Next, they took off to visit another fire department to see “Brand B” CAFS hardware, where they were met by a volunteer engineer alongside the apparatus on the firehouse apron. They asked that operator the usual line of questions and found out he had only a couple of years’ experience.
Due to this volunteer firefighter’s background, he was deemed by the truck committee to be an “average Joe,” having similar experience levels as some of their own personnel in their department. When a committee member asked him to operate the hardware and change the system’s foam consistency settings, he said, “Sure,” and performed the process quickly and without hesitation.
After all was said and done, the truck committee reasoned that no matter what the price or design of a CAF system, if a pump operator could not effectively operate the unit, purchasing one at any price would be a waste of time and money. For the apparatus committee, equipment that cannot be effectively operated has zero value. They ended up purchasing the “Brand B” system which, at a slightly higher price, was a better value.
No matter what the design of a piece of equipment, if the operator cannot effectively operate it, it is useless. Operators always need to be appropriately trained to efficiently use the equipment. This begins with the apparatus manufacturer’s delivery and demonstration program. Make sure to include one as a requirement in your apparatus specifications.
Another important training and education consideration when writing CAFS equipment specifications is planning for the delivery of a department-wide foam firefighting strategy and tactics training program.
Since most structural fire departments taking delivery of their first CAFS pumper have had only historical foam product training and no CAFS application training, it is crucial to provide a high-quality CAFS strategy and tactics training program for the troops.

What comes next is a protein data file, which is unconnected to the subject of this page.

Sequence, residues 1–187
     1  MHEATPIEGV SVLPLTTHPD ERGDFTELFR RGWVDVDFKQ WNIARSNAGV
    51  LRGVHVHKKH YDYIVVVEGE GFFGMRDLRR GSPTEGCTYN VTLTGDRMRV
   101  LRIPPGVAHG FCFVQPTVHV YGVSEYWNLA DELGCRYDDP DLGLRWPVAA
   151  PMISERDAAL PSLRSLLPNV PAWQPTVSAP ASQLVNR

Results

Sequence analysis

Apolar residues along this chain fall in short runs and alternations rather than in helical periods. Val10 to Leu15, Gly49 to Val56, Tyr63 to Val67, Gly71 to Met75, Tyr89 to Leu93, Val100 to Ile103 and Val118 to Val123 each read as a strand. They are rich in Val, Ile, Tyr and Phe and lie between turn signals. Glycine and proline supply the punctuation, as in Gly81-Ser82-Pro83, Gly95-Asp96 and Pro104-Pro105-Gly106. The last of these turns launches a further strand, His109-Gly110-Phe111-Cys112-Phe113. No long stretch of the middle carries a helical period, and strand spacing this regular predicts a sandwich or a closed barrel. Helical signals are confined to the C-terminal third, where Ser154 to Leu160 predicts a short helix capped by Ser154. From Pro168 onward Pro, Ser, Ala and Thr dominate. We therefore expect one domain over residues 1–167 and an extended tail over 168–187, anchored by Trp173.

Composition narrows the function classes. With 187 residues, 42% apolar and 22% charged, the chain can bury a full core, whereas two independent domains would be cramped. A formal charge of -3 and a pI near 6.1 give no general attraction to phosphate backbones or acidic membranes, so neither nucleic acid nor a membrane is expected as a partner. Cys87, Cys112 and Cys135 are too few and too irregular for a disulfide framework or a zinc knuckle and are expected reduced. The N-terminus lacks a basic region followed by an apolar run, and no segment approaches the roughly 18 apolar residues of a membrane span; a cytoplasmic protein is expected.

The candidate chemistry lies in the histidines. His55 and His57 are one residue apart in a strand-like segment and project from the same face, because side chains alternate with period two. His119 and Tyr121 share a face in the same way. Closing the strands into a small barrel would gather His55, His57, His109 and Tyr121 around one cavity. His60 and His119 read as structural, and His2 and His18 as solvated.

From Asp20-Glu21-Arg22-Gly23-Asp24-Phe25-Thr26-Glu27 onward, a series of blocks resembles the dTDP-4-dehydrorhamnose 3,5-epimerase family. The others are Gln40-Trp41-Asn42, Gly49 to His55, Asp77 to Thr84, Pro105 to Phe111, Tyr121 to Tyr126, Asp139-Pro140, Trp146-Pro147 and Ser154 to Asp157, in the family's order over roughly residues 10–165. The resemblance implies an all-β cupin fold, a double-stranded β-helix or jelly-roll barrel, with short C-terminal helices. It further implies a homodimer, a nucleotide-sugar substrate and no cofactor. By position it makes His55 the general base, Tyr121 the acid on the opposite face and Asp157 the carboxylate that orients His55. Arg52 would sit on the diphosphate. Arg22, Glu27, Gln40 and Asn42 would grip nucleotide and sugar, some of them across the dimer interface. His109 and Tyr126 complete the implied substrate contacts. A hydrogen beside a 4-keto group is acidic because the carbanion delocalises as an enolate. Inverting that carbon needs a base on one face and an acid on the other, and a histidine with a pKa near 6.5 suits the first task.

This program must include the following topics: compressed air foam delivery rates for structure fire fighting; how to conduct a nozzle best practices evaluation; safety practices when deploying hoselines; foam application procedures for interior fire fighting; hose handling practices including nozzle handling; foam type choices for interior attack, exposure protection and structure protection.
Conducting a fireground strategy and tactics class after CAFS unit delivery goes a long way in getting both the troops and training department off to a great start in using CAFS as an effective tool on the structural fireground.
The CAFS Institute is one company that provides this type of training and education throughout the United States and has done so with many departments from California to Pennsylvania and in-between. Its Web site, www.CAFSinstitute.org, contains a helpful training specification for use by new apparatus committees that will drop in to a new fire truck specification. (I should point out that my son, Dominic Jr., operates CAFS Institute, which is located in Royersford, Pa.)
Departments are going this route, integrating training requirements into their apparatus specification, since the cost is built in and funded as part of the overall apparatus purchase plan. This makes good sense and prevents problems of trying to find funds for training later, after the apparatus is delivered.
Carefully evaluate each hardware manufacturers’ delivery and demonstration program and consider third-party companies with subject matter experts to provide tactical training.
Think about funding a training and education plan as an integral part of your new fire truck purchasing budget. You’ll be glad you did.
Editor’s Note: Dominic Colletti is the global foam systems product manager for Hale Products and the author of two books – “The Compressed Air Foam Systems Handbook” and “Class A Foam – Best Practice For Structure Firefighters.” Colletti is a former assistant fire chief in Royersford, Pa. and serves on the technical committee of the National Fire Protection Association (NFPA) 1500 Fire Department Occupation Safety and Health Program. He is an instructor specializing in CAFS implementation.